Lockheed Martin [LMT] in June delivered the third of four highly elliptical earth orbit (HEO) satellite payloads contracted by the Air Force as part of the Space Based Infrared System (SBIRS) missile warning satellite constellation, according to a company statement.

The delivery of the HEO-3 payload is the first major delivery from the SBIRS follow-on production contract, which also includes the third and fourth SBIRS satellites and an additional HEO payload, according to Air Force Space Command (AFSPC). Before being shipped, the HEO-3 payload also completed thermal vacuum chamber testing March 30. Thermal vacuum chamber testing demonstrates that the sensor’s performance met or exceeded its predecessor, HEO-2.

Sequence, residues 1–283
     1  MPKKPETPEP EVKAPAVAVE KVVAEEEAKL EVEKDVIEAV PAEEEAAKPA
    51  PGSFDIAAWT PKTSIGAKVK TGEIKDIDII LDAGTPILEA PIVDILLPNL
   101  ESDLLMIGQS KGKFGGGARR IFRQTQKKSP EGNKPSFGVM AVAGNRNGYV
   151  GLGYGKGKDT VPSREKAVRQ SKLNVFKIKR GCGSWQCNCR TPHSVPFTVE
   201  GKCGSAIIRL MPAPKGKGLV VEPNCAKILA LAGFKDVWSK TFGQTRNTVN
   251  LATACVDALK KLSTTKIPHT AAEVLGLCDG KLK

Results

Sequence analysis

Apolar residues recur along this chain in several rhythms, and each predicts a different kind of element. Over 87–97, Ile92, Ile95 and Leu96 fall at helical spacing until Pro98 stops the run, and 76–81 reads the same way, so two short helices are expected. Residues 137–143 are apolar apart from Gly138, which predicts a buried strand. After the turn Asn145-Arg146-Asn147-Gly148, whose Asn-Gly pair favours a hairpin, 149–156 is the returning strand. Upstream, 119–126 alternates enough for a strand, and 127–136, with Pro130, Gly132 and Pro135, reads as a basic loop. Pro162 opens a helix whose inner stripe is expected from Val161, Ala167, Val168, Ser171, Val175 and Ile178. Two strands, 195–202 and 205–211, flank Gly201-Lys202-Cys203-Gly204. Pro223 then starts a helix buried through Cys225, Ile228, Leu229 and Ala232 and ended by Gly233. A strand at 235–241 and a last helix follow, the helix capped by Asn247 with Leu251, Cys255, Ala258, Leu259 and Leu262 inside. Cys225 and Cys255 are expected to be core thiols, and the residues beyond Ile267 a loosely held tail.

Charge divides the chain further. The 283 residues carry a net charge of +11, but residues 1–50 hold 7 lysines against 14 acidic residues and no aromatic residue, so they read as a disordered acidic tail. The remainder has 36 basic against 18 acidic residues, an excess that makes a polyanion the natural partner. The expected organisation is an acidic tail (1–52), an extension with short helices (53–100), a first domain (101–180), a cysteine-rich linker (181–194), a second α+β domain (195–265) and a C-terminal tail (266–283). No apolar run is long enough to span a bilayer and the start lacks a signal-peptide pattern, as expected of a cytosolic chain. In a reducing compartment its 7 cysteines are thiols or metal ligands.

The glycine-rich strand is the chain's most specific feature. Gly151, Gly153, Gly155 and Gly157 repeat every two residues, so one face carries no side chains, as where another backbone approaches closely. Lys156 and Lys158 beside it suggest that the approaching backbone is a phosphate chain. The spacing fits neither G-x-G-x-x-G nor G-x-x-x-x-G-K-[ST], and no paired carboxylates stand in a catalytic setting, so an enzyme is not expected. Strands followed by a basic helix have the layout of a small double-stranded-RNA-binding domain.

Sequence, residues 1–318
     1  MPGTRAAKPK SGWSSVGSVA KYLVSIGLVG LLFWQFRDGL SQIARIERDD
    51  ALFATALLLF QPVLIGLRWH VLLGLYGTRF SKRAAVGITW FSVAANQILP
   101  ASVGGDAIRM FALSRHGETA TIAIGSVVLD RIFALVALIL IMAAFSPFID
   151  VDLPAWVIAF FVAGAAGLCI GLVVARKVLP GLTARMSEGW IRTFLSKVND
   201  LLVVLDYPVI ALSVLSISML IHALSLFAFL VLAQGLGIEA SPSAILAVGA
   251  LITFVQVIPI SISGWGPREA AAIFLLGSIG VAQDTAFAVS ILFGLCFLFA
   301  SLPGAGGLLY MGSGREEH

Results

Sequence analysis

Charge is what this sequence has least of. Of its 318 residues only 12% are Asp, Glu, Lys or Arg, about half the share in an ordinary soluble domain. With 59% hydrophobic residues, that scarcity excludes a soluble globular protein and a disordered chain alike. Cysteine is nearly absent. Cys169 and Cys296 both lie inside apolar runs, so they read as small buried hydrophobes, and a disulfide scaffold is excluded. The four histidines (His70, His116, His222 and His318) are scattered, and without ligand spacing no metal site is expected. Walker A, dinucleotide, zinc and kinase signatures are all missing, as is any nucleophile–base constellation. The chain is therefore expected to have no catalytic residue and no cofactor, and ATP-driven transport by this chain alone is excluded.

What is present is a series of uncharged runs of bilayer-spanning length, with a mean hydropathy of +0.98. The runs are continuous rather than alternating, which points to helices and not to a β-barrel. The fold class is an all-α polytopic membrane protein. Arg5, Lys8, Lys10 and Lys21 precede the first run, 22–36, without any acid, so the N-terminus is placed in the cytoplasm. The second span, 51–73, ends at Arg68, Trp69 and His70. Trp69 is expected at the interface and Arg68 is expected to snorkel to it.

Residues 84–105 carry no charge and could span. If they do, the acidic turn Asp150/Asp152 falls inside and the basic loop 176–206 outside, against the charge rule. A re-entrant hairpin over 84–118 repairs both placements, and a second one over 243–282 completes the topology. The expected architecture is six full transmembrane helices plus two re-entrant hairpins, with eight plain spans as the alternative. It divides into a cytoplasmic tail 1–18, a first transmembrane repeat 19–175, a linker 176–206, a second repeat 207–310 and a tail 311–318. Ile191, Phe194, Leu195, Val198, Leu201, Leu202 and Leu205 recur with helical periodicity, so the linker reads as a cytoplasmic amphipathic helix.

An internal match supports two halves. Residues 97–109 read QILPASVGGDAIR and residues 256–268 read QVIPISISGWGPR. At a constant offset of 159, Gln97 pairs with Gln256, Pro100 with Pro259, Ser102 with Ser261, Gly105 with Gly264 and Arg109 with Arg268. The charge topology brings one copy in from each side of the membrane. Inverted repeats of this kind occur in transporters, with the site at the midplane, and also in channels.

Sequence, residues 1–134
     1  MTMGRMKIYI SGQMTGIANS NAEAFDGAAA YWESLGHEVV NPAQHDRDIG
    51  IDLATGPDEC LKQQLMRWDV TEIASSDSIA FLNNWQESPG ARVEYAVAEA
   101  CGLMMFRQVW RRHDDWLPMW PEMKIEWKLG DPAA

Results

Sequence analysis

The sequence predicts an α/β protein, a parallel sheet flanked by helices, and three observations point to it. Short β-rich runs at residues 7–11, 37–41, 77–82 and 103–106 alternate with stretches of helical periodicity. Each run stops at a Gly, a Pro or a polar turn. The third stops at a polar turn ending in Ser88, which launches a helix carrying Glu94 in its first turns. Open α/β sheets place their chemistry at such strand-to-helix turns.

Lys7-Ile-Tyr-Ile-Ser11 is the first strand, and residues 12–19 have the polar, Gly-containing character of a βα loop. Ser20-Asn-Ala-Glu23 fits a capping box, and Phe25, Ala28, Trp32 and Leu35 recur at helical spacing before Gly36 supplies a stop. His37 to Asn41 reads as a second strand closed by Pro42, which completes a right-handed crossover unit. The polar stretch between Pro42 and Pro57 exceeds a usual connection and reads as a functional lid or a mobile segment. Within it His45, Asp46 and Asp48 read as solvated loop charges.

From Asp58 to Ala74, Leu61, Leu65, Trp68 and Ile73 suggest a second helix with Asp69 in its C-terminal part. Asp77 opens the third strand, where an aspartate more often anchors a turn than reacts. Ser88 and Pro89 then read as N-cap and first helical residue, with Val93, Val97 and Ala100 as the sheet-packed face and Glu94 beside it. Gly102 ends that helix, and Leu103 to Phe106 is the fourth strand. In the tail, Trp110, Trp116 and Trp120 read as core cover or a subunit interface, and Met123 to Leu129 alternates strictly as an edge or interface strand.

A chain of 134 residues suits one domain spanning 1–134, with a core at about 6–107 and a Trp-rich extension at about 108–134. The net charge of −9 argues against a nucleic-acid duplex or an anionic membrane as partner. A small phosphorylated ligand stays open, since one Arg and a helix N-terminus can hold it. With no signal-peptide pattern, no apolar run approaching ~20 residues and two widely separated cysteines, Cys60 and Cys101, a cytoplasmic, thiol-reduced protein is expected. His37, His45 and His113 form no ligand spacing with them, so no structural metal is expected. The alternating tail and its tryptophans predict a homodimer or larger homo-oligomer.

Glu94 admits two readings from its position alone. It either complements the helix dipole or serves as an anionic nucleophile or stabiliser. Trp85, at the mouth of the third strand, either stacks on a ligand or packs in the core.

The HEO-3 payload is a high-tech, space-based sensor capable of detecting missile launches around the globe. The SBIRS program enhances global missile launch detection capability, supports the United States’ ballistic missile defense system, expands the country’s technical intelligence gathering capacity and bolsters situational awareness for warfighters on the battlefield.

The SBIRS architecture includes a mix of satellites in geosynchronous earth orbit (GEO) orbit, hosted payloads in HEO orbit and ground hardware and software.

AFSPC May 17 declared the GEO-1 satellite operational and recommended Integrated Tactical Warning and Attack Assessment (ITW/AA) certification to U.S. Strategic Command (STRATCOM). The Air Force’s second SBIRS GEO satellite, GEO-2, was successfully launched March 19 and has been delivering data as part of on-orbit testing. Lockheed Martin in March also received contracts to procure long-lead items as part of geosynchronous earth orbit (GEO) payloads five and six.

Lockheed Martin Vice President of Overhead Persistent Infrared operations said in a statement the company will now focus on completing the HEO-4 payload and GEO payloads three and four.